In residency you rotate in whatever specialty you pick. So if you don’t want to be in the ER, don’t pick and match at an ER residency. However, some other specialties will require you to do a month or two rotation in the ER. Specialties like: Family Medicine, OB, surgery, Internal Medicine, Peds (it would be all Peds ER though).
It’s not bad though. The ER attendings know that we’re not training to be ER docs, so we don’t usually manage the big traumas (but a surgery resident would). We do manage medical emergencies though. Honestly, my ER rotations were like 4% adrenaline and 96% non-panicky stuff.
But trust me, the prospect of working in the ER was terrifying to me as a premed. But once you learn a bunch of medicine and get used to the environment, it’s not so scary.
"Foot in mouth disease,"
"Hoof and mouth disease,"
"Hand to mouth disease,"
"Handy foot disease."
Proof that all doctors were once stupid: when I was an M1, an upperclassman got hand-foot-mouth disease from his kid and I asked someone if he kept livestock because I thought it was hoof and mouth disease… my how I have grown.
So I recently switched undergrad programs and because I’m so busy and don’t know anyone in my new program yet, I worried that I’m gonna end up as a lone wolf. So I was wondering if you ever struggled with solitude, given that med school and residency are so time and energy demanding? Or perhaps making and maintaining friendships came naturally to you? Thanks for answering, and keep posting! :) -pseudonymous-md
Oh dear, did you ask this at the right time.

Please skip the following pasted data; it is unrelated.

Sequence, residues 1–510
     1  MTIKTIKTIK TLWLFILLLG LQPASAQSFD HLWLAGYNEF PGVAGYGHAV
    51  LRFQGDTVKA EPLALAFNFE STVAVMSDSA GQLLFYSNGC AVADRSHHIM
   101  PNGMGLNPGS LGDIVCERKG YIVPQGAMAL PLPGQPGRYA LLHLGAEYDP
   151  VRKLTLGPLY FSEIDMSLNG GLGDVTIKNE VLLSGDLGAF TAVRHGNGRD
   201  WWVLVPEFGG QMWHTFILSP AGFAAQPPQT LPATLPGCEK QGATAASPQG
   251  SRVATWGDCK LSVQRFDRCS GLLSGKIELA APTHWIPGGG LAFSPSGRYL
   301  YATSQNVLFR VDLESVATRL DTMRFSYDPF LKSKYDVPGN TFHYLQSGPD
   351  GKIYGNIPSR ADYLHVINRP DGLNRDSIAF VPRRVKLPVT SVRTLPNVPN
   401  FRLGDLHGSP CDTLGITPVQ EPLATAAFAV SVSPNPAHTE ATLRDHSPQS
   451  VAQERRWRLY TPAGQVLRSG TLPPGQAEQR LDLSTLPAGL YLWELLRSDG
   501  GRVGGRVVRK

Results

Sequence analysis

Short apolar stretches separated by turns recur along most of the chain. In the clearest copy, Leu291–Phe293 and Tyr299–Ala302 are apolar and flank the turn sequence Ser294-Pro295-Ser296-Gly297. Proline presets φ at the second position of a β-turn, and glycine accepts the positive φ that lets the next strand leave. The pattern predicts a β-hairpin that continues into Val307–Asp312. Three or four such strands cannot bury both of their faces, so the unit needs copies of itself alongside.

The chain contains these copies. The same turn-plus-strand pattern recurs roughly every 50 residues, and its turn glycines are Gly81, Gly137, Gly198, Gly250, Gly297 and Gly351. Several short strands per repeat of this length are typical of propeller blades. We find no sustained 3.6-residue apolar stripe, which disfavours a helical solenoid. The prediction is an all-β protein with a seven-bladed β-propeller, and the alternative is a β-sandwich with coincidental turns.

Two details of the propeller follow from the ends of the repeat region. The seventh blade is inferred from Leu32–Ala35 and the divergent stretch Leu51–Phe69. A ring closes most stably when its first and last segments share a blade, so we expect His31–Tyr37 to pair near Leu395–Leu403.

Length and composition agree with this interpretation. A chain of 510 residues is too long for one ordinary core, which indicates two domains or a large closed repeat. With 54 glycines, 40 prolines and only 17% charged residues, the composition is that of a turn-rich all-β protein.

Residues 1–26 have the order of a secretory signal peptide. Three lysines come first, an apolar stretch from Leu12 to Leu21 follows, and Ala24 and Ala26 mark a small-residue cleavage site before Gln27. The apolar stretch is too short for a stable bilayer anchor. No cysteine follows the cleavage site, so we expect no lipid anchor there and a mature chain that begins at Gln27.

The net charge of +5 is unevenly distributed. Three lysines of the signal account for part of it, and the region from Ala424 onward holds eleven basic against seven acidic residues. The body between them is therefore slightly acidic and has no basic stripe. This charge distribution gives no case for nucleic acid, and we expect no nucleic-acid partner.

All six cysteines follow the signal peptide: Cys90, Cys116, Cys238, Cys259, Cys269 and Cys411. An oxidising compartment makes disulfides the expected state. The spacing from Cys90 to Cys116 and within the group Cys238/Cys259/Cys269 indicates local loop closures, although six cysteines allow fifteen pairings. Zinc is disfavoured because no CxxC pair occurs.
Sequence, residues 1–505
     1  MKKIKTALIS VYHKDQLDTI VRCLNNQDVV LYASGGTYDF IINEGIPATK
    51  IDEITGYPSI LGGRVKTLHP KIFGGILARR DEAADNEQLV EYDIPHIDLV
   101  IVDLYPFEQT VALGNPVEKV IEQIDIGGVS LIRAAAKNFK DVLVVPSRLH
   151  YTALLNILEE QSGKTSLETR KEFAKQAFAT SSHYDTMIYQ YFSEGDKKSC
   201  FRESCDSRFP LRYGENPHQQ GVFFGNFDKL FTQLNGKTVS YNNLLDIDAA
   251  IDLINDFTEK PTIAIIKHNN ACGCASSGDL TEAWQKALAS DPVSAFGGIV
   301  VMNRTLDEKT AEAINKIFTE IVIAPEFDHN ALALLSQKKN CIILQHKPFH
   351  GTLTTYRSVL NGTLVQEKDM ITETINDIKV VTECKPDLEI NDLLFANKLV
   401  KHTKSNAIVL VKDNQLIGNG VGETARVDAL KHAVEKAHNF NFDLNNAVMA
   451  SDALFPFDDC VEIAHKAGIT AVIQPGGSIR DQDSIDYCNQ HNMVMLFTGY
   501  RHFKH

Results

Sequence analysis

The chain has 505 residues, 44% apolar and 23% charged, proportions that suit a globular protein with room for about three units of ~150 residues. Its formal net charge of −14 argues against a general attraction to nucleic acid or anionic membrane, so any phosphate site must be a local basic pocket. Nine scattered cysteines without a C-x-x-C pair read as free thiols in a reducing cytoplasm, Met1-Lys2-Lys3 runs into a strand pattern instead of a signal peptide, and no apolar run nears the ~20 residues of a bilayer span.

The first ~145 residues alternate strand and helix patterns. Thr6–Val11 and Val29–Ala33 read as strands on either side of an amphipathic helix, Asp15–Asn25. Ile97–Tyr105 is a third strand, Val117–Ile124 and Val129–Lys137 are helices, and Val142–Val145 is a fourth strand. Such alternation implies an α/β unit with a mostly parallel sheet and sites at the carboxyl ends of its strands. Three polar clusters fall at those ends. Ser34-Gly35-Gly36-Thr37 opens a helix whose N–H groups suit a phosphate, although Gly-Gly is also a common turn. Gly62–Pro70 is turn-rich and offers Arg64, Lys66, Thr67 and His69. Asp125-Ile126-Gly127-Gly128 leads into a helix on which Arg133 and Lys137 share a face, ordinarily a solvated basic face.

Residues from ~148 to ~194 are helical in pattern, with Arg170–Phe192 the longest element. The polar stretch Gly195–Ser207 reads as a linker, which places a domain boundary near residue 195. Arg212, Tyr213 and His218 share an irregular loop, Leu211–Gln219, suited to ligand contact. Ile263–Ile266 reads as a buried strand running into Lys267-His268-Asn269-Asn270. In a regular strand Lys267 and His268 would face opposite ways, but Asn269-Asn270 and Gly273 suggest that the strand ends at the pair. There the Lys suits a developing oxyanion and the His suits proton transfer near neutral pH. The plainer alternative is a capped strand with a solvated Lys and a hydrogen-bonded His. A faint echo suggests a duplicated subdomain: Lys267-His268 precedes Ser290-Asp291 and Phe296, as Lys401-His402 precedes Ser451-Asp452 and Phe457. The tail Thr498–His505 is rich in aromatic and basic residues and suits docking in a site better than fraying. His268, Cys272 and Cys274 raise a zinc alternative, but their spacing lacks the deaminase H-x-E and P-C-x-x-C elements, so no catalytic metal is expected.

Let me explain a little about myself: I am an extroverted introvert. I can do well in groups (for a short period of time) if I’m comfortable with the people, but I’d prefer to be with just 1 or 2 at a time, and I definitely don’t mind being (and actually need to be) alone a lot of the time. I am just extroverted enough that I am friendly with people and make friends (in a very Facebook sense of the word) easily. But like a true introvert I have few really close friends. And I’m a terrible maintainer of friendships. I usually wait for a friend to send me an “are you still alive” email, and then I’ll email back and forth 3 or 4 times before dropping it again for another 6 months.
So being an introvert, I do value my alone time to a degree. I can tolerate a lot more alone time than some could and actually look forward to it a little on my really busy rotations. But with that being said, know that Wayfaring gets lonely too. Whoa, I’m about to get all introspective and raw with emotions and feelings and other such touchy feely junk that makes Wayfaring uncomfortable in real life. Good thing this isn’t going on the internet for nearly 10,000 people to read or anything.